Click here to Skip to main content
Click here to Skip to main content

Automatic Implementation of the Event-Based Asynchronous Pattern

, 26 Nov 2008 CPOL
Rate this:
Please Sign up or sign in to vote.
Implement the event-based asynchronous pattern automatically with this code generator
Event-Based Async Client

Contents

Introduction

AsyncGen is a utility that generates client classes implementing the event-based asynchronous pattern from annotated classes and interfaces such as the following...

using System;
using System.Collections.Generic;
using System.Text;
using AsyncGen;

namespace TestAssembly
{
    [GenerateAsyncClientClass("Client")]
    public interface IServer
    {
        [GenerateAsyncOperation(
            GenerateCancelMethod = true,
            CompletedEventName = "CalculationComplete",
            CallbackInterface = typeof(IServerCallbacks))]
        double Calculate(double argument, 
		[TaskID] object userState, IServerCallbacks callbacks);
    }

    public interface IServerCallbacks
    {
        [GenerateProgressEvent("CalculationProgressChanged")]
        [return:CancelFlag] bool ReportCalculationProgress
		(double approximateResult, [ProgressPercentage] int percentage, 
		[TaskID] object userState);
    }
}

... from which AsyncGen will generate the following client class:

Generated Client Class

A note on terminology: For the remainder of this article, I shall use the terms "client class" and "proxy" interchangeably.

Background

Since its inception, the .NET framework provided extensive support for asynchronous invocation of operations.  Many methods in the .NET BCL (Base Class Library) have asynchronous versions in the form of a pair of methods named BeginOperation and EndOperation.  For example, the FileStream class provides the methods BeginRead and EndRead which serve as an asynchronous version of the Read method.  BeginRead returns an object that implements the IAsyncResult interface, and this object is used to associate each invocation of EndRead with an earlier invocation of BeginRead.  This pattern is referred to in various places as the asynchronous programming model (APM), the IAsyncResult pattern, or simply as the asynchronous pattern.  (The last term is used especially in pre-.NET 2.0 literature since this was the only pattern for asynchronous operations in .NET 1.x.)

In addition to the asynchronous methods provided by the BCL, the asynchronous delegates mechanism allows you to invoke any method asynchronously.  The BeginInvoke and EndInvoke methods which the compiler automatically generates every time you use the delegate keyword conform to the same pattern as the BCL methods.  Hence it can be said that asynchronous delegates provide a universal implementation of the IAsyncResult pattern.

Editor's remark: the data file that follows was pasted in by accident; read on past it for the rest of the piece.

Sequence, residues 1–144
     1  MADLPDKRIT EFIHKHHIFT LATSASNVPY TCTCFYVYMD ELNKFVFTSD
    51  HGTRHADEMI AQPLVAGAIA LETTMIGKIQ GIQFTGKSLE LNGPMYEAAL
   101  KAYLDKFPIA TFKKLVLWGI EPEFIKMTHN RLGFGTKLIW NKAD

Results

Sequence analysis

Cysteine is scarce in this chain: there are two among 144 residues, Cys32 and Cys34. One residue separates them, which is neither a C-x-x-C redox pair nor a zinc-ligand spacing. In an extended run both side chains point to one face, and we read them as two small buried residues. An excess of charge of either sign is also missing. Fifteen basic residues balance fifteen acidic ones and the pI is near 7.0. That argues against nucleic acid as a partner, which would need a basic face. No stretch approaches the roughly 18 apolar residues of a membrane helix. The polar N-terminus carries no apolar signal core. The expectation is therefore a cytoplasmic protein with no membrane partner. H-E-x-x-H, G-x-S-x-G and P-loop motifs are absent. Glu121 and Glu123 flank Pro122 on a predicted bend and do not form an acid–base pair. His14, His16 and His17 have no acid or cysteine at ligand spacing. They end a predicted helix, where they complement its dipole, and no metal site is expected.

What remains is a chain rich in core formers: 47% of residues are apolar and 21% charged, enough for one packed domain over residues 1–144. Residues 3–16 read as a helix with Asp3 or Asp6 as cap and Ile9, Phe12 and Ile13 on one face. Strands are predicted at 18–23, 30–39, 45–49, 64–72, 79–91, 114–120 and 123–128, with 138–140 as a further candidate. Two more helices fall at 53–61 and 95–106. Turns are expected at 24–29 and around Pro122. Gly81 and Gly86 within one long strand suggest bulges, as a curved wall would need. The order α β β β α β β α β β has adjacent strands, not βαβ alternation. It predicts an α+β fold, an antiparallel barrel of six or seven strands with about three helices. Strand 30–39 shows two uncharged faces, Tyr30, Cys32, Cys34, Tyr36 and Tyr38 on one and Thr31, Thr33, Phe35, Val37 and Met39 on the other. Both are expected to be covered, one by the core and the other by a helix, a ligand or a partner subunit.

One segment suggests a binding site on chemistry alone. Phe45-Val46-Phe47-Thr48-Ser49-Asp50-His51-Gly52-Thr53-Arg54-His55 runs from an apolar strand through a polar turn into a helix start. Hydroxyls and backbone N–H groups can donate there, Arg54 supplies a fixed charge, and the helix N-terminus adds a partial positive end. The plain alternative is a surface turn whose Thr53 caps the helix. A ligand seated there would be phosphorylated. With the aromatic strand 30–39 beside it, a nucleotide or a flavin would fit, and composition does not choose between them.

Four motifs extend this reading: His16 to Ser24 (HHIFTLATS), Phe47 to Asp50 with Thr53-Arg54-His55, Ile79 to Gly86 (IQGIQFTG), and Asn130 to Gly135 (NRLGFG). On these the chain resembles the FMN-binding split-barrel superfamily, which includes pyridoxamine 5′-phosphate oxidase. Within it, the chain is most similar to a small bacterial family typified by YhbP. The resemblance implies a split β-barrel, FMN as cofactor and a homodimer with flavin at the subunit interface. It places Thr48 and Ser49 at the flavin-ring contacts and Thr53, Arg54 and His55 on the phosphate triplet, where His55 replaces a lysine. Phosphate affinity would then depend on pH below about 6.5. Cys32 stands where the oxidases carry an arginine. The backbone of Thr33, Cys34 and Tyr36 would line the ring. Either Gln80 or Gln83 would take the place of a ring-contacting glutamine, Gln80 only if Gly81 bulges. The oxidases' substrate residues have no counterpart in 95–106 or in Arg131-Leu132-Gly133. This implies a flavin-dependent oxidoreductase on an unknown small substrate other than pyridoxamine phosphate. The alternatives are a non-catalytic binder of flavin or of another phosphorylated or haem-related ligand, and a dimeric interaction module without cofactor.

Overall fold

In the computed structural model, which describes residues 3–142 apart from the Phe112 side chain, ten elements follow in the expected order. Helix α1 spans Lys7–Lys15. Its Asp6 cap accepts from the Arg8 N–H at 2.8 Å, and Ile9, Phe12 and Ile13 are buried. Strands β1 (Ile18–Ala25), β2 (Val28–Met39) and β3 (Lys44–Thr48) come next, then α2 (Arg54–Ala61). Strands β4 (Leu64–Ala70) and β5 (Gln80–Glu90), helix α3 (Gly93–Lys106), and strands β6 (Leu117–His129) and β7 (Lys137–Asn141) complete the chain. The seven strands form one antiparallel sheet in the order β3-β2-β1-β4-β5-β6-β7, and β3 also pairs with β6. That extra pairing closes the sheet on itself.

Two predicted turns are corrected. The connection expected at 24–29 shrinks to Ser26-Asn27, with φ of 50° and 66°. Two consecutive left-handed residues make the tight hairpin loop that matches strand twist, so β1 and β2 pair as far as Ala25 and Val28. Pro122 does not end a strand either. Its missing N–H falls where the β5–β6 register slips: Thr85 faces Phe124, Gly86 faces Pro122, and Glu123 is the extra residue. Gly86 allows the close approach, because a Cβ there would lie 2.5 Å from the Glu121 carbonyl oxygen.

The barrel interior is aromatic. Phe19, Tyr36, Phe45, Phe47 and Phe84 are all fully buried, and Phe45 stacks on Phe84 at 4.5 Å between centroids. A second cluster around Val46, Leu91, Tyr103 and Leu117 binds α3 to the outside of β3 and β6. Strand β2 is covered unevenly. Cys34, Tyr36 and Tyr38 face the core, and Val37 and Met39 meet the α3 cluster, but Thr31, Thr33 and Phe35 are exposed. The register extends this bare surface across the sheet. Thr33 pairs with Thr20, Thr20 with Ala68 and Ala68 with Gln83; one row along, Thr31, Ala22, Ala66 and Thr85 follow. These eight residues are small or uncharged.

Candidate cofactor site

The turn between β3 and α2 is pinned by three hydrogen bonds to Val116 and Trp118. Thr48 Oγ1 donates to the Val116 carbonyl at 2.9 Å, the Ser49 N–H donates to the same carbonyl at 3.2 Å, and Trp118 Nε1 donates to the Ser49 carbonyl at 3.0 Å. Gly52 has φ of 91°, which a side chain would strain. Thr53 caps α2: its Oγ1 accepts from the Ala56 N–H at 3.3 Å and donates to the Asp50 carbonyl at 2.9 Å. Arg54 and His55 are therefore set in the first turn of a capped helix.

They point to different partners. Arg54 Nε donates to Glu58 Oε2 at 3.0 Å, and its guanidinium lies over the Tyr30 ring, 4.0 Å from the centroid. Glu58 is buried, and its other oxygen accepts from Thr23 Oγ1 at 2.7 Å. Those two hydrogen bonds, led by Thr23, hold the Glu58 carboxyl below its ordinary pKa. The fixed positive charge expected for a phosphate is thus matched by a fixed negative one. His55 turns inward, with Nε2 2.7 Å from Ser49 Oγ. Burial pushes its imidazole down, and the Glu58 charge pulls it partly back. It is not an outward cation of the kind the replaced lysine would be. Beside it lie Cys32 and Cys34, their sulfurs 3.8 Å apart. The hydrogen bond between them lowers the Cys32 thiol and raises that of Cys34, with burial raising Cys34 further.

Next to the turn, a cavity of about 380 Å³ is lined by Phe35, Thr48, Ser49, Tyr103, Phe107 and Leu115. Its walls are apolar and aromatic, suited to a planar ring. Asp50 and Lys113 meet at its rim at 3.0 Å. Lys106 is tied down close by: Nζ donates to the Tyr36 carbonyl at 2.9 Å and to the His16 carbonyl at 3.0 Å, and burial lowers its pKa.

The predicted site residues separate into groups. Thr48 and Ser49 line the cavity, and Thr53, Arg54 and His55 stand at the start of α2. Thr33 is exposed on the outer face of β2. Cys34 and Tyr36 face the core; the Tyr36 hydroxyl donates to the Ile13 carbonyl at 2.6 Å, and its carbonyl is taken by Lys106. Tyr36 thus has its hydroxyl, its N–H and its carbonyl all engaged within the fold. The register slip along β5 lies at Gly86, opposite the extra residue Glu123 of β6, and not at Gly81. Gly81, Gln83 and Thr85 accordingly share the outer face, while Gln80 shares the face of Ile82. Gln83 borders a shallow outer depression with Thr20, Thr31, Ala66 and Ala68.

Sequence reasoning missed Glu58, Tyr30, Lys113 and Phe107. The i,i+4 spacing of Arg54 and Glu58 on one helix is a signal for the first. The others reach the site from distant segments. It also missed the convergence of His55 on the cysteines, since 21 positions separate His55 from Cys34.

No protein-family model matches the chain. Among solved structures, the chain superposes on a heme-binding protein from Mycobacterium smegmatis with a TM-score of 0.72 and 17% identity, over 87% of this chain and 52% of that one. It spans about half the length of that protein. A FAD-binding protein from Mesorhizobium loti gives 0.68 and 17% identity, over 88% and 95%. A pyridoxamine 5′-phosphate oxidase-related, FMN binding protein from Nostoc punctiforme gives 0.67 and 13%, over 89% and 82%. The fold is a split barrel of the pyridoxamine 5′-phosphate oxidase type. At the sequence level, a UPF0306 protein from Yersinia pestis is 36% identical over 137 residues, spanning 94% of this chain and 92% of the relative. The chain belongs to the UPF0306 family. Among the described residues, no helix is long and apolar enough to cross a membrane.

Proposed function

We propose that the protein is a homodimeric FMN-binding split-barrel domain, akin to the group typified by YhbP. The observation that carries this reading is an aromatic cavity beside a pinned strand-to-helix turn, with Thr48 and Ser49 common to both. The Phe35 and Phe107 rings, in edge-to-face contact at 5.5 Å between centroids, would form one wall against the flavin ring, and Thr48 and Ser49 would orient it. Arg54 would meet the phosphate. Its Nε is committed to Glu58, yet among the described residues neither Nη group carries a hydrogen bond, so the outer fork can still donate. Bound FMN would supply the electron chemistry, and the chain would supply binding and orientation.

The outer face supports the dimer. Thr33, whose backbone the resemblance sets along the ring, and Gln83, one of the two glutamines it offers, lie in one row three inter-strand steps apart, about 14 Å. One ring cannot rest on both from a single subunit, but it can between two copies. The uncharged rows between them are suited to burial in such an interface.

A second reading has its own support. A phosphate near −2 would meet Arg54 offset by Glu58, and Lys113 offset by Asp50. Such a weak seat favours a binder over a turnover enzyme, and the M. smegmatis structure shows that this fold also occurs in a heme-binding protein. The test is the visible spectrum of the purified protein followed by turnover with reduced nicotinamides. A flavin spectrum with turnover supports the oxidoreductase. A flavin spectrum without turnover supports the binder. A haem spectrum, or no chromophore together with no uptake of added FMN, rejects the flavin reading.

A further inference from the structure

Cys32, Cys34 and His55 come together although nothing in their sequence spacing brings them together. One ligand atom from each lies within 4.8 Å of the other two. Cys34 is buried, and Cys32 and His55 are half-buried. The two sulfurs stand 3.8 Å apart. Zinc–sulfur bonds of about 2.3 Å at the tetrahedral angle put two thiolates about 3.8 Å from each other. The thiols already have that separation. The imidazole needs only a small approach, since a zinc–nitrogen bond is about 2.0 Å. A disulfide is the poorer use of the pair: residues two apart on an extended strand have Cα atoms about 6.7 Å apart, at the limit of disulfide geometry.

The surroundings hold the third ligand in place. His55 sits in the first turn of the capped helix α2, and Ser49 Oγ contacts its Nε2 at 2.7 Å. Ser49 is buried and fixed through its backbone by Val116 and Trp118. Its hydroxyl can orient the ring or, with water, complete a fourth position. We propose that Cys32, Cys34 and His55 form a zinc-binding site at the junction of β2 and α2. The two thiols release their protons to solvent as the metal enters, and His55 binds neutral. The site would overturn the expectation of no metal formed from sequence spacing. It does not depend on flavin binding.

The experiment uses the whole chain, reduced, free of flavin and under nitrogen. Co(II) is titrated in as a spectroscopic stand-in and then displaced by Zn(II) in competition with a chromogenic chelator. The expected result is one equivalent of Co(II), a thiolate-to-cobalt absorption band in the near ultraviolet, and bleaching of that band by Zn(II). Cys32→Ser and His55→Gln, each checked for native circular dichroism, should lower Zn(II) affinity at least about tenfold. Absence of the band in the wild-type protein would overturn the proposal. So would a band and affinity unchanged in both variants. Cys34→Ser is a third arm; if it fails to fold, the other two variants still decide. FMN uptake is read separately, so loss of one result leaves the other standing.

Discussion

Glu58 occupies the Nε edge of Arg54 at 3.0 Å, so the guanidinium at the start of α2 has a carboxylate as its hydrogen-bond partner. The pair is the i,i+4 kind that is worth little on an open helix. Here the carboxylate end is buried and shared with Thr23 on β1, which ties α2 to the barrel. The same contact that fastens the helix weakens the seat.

The IAsyncResult pattern is ideal for "under the hood" operations like FileStream.Read, but it doesn't facilitate user interaction, namely:

  1. It doesn't support cancellation.
  2. It doesn't support progress reports.
  3. It doesn't support incremental results.
  4. It doesn't support different threading models for the completion callback.

For these reasons, a new pattern was introduced in .NET 2.0, known as the Event-Based Asynchronous Pattern, which offers support for all of the above. (See also Asynchronous Programming Design Patterns on MSDN.) So far, the closest thing to a universal implementation of the event-based pattern was the BackgroundWorker class, which allows you to run an arbitrary operation in the background without blocking your main thread, and still be able to receive notifications on the main thread when the operation completes and when there is progress. However, even BackgroundWorker doesn't implement the event-based pattern in its most general form; for example, it doesn't support multiple concurrent invocations of the same operation. Moreover, its events can't be marshalled between different application domains or processes, so it's not suitable for distributed scenarios.

AsyncGen attempts to provide a universal implementation of the event-based pattern, including all the features described in the MSDN article. To make it suitable for distributed scenarios, AsyncGen employs a client/server approach, which means that the details of the asynchronous invocation are not handled by the same class that implements the logic of the operation, but by a proxy class that uses the original class as a server. The proxy can reside either in the same process as the server or in a separate process. In the latter case, the proxy and the server communicate with each other using .NET Remoting. Internally, the proxy uses asynchronous delegates to implement the operations.

Using AsyncGen